A prosecutor who specialized in Colombia’s paramilitary demobilization process was transferred after working in the same department for more than six years, raising fears that years worth of insight could be lost.
According to conflict-monitoring website Verdad Abierta, magistrates of the Hall of Justice and Peace of the Medellin Superior Tribunal expressed concern over the transfer of Patricia Hernandez Zambrano, who was responsible for prosecuting the AUC’s “Mineros Bloc” in the northeastern department of Antioquia.
The AUC, or the United Self-Defense Forces of Colombia, was a right-wing and anti-subversive paramilitary coalition responsible for tens of thousands of deaths all across the country.
As Prosecutor 15 of Justice and Peace, Hernandez handled all court hearings related to top-AUC leaders like “Don Berna” — the commander of the AUC’s “Cacique Nutibara Bloc” and “Gordo Lindo” — the financial chief of the AUC’s southwestern “Calima Bloc”. Both men are in United States’ prisons for drug trafficking.
According to a group of concerned Medellin lawyers, reappointing judges who are involved in the Justice and Peace process could cause a halt in ongoing investigations. In a letter sent to Colombia’s prosecutor general, the magistrates complained about the “the paralysis and the disturbance caused by the decisions to [reassign] judges when they are not justified.”
The move represents a “serious reason for preoccupation for the affects [it will have] on the ongoing cases against commanders and members of the [Mineros] Bloc,” read the letter. “The legal control against various [members] was [nearly] finished under the direction of [Hernandez] and now we will have to wait until a new judge is designated [and still he or she] will be unaware…and need to familiarize [himself or herself].”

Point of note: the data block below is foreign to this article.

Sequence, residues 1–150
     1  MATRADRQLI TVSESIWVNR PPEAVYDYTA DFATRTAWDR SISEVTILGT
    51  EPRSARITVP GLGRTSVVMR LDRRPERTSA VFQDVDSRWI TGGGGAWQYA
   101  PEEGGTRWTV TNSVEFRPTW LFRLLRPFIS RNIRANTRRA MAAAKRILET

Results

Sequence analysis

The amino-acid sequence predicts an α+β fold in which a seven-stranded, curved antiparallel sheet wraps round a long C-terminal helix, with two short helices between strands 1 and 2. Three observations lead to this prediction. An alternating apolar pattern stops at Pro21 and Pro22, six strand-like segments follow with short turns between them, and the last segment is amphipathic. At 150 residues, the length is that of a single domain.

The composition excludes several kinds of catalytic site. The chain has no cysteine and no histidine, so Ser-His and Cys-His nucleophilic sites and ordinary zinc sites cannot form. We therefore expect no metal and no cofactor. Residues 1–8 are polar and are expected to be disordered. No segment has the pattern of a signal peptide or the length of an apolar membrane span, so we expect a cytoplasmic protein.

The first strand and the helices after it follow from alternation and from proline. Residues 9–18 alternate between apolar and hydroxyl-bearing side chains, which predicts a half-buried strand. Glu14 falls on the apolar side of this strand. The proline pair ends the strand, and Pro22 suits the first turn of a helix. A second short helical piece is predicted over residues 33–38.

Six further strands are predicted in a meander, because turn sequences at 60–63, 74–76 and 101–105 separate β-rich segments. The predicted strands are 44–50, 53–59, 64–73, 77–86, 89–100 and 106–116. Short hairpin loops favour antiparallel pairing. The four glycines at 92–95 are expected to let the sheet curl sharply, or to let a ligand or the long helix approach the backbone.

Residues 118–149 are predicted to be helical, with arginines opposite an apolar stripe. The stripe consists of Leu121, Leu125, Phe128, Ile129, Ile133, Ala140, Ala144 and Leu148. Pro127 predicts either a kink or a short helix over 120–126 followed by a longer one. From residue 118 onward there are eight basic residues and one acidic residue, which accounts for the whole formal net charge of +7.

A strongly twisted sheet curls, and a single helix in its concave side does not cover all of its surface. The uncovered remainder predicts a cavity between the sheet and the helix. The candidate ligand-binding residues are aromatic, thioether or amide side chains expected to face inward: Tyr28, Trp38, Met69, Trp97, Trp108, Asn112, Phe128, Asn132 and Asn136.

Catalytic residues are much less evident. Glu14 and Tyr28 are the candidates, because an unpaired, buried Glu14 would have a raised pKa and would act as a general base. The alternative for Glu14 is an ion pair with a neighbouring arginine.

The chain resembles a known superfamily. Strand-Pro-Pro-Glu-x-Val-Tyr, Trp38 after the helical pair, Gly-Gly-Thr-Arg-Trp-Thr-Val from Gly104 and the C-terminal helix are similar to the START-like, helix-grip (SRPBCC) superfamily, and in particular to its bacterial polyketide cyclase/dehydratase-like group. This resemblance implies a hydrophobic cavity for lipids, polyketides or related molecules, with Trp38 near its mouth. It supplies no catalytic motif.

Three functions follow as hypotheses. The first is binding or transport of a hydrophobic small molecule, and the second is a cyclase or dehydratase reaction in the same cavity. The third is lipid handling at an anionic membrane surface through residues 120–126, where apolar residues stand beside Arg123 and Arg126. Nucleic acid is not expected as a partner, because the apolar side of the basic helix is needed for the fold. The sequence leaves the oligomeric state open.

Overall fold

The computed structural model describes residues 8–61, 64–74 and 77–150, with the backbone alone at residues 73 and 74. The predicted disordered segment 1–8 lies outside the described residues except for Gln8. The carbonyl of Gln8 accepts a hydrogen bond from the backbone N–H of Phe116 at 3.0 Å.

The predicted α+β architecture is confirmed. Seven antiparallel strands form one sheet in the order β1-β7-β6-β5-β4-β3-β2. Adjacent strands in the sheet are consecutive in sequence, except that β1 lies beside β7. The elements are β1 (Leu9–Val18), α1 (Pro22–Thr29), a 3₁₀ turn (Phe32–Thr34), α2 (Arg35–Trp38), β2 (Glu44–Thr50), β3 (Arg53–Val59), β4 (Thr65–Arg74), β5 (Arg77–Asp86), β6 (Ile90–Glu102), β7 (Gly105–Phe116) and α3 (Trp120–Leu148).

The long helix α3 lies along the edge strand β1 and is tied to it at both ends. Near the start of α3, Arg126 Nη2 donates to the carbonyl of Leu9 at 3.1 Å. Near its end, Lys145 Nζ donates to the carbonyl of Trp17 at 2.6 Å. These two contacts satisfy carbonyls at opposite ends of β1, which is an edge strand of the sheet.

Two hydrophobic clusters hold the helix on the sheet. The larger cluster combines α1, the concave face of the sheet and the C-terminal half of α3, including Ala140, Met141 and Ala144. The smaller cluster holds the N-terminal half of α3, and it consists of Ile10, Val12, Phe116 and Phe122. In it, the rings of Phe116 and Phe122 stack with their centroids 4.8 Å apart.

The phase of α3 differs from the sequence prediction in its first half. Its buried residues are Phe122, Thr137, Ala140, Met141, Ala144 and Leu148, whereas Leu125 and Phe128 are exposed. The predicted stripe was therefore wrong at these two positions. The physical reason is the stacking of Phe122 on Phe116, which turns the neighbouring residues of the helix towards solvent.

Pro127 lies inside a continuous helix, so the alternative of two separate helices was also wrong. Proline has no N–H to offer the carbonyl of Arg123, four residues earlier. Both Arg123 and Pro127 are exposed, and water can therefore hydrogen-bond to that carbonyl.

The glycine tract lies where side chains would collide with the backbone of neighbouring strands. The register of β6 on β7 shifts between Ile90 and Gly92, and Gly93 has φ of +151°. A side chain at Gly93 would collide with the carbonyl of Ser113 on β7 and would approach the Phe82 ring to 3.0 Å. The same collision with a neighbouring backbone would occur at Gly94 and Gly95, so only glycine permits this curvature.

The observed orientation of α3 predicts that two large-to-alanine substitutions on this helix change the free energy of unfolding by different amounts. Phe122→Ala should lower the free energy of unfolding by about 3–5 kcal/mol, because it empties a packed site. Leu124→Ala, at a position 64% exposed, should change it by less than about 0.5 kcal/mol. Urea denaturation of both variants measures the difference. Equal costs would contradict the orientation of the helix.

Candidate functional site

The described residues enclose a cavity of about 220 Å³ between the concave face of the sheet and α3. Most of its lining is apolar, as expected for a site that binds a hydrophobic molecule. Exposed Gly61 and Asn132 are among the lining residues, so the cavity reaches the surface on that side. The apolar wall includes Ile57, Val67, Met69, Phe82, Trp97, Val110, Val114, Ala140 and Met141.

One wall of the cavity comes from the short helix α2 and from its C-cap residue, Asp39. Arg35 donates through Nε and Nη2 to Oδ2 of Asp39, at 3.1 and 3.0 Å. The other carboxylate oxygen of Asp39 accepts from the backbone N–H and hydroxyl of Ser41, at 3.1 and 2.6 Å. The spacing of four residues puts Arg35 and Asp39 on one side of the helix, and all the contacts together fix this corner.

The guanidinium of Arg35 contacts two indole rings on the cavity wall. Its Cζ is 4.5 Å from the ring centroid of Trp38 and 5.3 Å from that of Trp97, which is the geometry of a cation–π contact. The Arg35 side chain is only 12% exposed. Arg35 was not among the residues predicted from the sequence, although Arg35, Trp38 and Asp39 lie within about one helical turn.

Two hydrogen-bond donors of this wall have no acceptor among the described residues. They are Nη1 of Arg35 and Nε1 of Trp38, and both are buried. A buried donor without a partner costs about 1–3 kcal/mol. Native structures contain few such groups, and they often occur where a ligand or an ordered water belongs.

“The transfer of Dr. Patricia Hernandez Zambrano gravely affects the victims of the conflict affected by the Mineros Bloc. [It delays] the advances achieved up until [this] moment, [and it] breaks in a striking manner the [collaboration] between victims and the Prosecutor,” said Verdad Abierta in their own letter to Colombia’s prosecutor general.
Victims of the Mineros Bloc have also reportedly protested the decision to remove Hernandez from her duties.
Up until mid-January of 2013, Hernandez had succeeded in documenting close to 6,700 cases attributed to the Mineros Bloc, which was active largely in the northern part of the Antioquia department. For example, the former paramilitary known as “Cuco” Vanoy confessed and accepted responsibility for 1,300 crimes. Before 2012 ended, Hernandez had accused Cuco of another 380 specific crimes including the recruitment of 350 minors in the northern Bajo Cauca region, the 1996 Aro, Itanguo massacre, as well as hundreds of cases of forced displacement, assassinations and disappearances.
Don Berna — the former head of Medellin’s underworld — allegedly told Hernandez in February of 2012 about the notorious assassination of journalist Jamie Garzon. The crime boss also supposedly spilled details about the extermination of Medellin’s “La Terraze” gang and the role paramilitaries played in “Operation Orion.” Operation Orion, which was carried out in 2002, consisted of paramilitaries from Don Berna’s Cacique Nutibara Bloc and Colombian state forces ousting left-wing guerrillas from Medellin’s troubled Comuna 13.
In September, Hernandez launched the first ever investigation into gender crimes. The investigation focused on more than 150 cases of sexual violence, murders and disappearances against women in the northern part of Antioquia.
Colombia’s prosecutor general, Eduardo Montealegre transferred Hernandez in late January to the Superior Tribunal of Florencia in the southern department of Caqueta. According to Verdad Abierta, sources within the Prosecutor General justified the transfer because the court in Florencia, Caqueta needed an expert on gender issues. According to the frustrated Medellin magistrates, however, “gender violence is not an exclusive phenomena of that district nor of [the Caqueta] department.” Spokespersons for the Prosecutor General assured that Hernandez’s transfer would not lead to delays in ongoing Justice and Peace processes.
BACKGROUND: Justice and peace law
Colombia Reports tried to contact Montealegre as well as the Prosecutor General of Justice and Peace and the Judicial Branch, but no one would explain why Hernandez was transferred.